Some of these liners may include a liner trim gauge for your convenience. This gets fed over the liner at the top and will need to be pushed evenly with the neck.
This lets you trim the liner to the end of the gauge. If your kit doesn’t have one of these, then check your MIG welder’s manual for the right length to trim it to.
#4 Feed the Wire Through You Liner
Finally, you’ll want to feed the wire back into the liner. To do this simply get it started in the feed rollers and hit the trigger on the welding gun to feed the wire through the new liner.
Quick Tip: Turn off your welding gas as you feed the wire through to conserve gas.
You can turn your wire speed up at this point to feed the wire through the lead faster. Just make sure to turn it back to your normal settings before you start welding.
Again, for liners that load through the front, you have some different directions.
#1 Feed the New Liner In Place
Feed your liner slowly through the front of the gun. You will need to do this in short and slow movements, a little at a time. Otherwise, you will end up with kinks.
The liner should click into the right place with an audible snap when your receiver hits the power pin. When that process is done, you simply put the gauge on top of your liner and trim it the same way.
#2 Snap the Power Pin Into Place
If you have a spring loading module then you won’t have a power pin receiver in the back. The receiver is just built right into the module pin. Just feed the liner into the gun.
Use very short strokes. The liner will then meet up with the receiver inside of the gun, with the power pin. Then, you will be able to feel it spring backward towards the gun’s front end. This will make sure your liner is engaged correctly.
#3 Trim the Liner
Next, you place the liner gauge over the liner until it becomes even with the neck. Then, you will push your liner backward. You want it to bottom out into the module, so you can trim it evenly with the end of the gauge.
After that, you can remove the gauge and release the liner. The liner is going to spring right back out and it will stick out of the neck a little, probably around 1 and ¾ of an inch.
This is normal because the consumables will compress it and put it back into its position.
#4 Add the Consumables Back On
Finally, once the liner is secure you’ll want to add your diffusor, weld tip, and nozzle back on your gun.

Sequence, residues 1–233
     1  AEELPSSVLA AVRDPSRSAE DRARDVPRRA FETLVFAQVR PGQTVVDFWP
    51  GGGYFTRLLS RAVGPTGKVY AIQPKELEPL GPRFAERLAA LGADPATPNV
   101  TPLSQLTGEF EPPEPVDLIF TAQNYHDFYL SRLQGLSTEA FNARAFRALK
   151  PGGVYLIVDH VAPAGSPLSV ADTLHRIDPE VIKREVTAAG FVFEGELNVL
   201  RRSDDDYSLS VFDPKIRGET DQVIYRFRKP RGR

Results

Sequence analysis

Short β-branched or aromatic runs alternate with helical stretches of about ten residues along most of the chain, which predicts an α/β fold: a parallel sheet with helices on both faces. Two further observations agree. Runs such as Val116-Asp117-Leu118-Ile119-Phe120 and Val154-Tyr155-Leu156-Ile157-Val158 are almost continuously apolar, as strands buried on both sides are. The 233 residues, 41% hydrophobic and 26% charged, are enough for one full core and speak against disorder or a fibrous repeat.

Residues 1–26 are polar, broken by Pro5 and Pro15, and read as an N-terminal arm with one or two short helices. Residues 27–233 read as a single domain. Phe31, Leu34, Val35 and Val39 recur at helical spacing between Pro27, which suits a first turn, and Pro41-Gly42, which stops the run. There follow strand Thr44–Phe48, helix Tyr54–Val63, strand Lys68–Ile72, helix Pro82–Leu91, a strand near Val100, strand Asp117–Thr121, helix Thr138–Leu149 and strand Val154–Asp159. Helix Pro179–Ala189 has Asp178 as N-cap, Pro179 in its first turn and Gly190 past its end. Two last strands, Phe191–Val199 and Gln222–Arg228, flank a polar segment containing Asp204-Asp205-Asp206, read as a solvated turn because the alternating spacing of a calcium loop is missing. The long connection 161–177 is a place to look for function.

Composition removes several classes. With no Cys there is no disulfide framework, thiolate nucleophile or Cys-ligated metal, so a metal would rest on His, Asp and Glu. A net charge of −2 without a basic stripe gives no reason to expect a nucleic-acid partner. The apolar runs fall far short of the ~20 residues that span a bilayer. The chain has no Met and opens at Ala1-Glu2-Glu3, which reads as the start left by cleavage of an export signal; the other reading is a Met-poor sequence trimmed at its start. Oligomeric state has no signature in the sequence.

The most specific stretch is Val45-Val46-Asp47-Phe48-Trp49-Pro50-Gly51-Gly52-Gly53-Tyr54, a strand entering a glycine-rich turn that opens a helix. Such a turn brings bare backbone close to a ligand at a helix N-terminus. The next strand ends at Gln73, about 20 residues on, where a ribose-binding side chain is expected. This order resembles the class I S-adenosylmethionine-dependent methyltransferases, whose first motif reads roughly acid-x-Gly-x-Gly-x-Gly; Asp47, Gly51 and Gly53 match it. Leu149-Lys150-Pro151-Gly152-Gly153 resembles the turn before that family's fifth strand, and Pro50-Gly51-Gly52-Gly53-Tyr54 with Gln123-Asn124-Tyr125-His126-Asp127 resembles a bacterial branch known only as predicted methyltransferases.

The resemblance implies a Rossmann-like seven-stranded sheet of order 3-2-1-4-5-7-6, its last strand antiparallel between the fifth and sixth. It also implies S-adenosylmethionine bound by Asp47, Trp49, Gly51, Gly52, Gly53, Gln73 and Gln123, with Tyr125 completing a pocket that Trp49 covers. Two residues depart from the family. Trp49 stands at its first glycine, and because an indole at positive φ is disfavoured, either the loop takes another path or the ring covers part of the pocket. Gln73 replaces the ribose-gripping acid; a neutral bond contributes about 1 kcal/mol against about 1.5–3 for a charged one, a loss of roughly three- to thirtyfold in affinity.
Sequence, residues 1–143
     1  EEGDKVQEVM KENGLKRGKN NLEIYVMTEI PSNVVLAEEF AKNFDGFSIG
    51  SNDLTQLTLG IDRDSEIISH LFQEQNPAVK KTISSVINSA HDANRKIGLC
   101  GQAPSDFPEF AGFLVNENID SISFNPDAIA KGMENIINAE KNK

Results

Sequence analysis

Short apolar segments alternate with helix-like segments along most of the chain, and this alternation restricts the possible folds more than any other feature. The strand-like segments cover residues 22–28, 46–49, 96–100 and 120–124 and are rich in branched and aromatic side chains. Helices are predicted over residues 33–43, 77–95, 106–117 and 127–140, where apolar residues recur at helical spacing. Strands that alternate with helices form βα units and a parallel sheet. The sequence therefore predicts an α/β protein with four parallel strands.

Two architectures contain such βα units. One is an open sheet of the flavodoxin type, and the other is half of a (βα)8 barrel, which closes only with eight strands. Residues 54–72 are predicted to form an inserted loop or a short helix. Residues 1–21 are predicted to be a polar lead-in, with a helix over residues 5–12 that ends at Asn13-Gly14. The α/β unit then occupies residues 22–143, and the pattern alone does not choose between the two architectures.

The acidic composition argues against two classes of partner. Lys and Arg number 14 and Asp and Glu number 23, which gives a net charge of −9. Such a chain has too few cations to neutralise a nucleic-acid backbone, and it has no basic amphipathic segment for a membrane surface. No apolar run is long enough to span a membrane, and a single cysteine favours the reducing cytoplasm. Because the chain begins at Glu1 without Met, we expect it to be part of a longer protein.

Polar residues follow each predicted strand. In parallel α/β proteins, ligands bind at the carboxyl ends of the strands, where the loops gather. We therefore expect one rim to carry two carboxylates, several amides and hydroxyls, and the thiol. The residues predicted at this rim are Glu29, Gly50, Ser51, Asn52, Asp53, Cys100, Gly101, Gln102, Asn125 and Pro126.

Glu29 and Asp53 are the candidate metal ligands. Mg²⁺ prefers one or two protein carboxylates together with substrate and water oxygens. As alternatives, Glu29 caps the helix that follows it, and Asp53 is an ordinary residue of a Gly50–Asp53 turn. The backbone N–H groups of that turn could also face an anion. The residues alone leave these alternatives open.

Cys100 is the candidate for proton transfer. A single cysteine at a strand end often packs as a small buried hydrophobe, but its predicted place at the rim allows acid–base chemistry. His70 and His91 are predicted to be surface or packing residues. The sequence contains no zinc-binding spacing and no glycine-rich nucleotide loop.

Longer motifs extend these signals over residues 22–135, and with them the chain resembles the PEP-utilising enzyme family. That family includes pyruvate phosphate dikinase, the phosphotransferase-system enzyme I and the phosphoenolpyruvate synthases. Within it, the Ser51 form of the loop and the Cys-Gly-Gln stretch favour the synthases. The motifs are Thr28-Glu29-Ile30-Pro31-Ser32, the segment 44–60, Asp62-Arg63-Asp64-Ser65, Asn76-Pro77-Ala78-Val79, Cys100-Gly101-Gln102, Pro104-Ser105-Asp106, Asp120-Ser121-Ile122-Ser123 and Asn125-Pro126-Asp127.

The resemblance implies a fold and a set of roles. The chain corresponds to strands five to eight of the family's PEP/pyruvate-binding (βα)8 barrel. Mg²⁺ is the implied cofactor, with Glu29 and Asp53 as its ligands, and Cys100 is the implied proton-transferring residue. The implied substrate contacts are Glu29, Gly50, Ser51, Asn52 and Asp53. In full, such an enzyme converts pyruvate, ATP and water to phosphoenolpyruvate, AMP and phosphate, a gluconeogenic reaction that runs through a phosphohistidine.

Frequently Asked Questions
Although the process of lining a MIG gun is easy, there are a lot of questions involved.
Here are some of the more common questions and their answers.
How long is a new liner good for?
This question is tricky because there isn’t really a single answer. The longevity and life span of a new liner varies based on how you handle your machine.
Let’s look at some of the things that can detract from the lifespan of your liner.
Dirt is a big factor. When you allow dirt to built up then you will decrease the life expectancy of your liner.
When dirt builds up, it leads to wire problems. Kinks will immediately end the life of your liner.
If your liner gets a kink, then you will need to immediately replace it because it can’t function anymore.
Side Note: In my weld shop dirt is everywhere. You can’t escape it. However, I find putting an old shirt or clothes pinning a piece of cloth to the welding wire can help prolong the life of the liner.
Another thing that can detract from the life expectancy if your liner is if you’ve got it too tight.
When your drive rolls are tight it can cause excessive premature wear on your liner. It will end up putting grooves in your liner.
When liners are not sized correctly for your wire, it will also cause problems. When a liner is too big for the wire, it will cause the wire to drift along the wire.
This leads to excessive wear on the liner, too, causing it to give out before it should.
What if the wire gets stuck in the liner?
If this happens to you, then you can try to slowly push it through the liner or back it out of the liner.
Hopefully, this can fix your problem. Remember to work very slowly and avoid touching edges more than necessary.
Unfortunately, if you’re unable to move the wire there isn’t really anything you can do and you will need a new liner.
Remember to always move very slowly because you don’t want to cause kinks in the line. That will make it toast regardless of whether or not you can get the metal out of it.
To help prevent this situation from happening, try to catch the wire before the end of the feed so you can pull it out and replace it.
Have you ever changed a liner in a MIG welder? As you can see, it’s a normal part of the welding process.
Knowing how to change your own will save you quite a bit of money. Happy welding!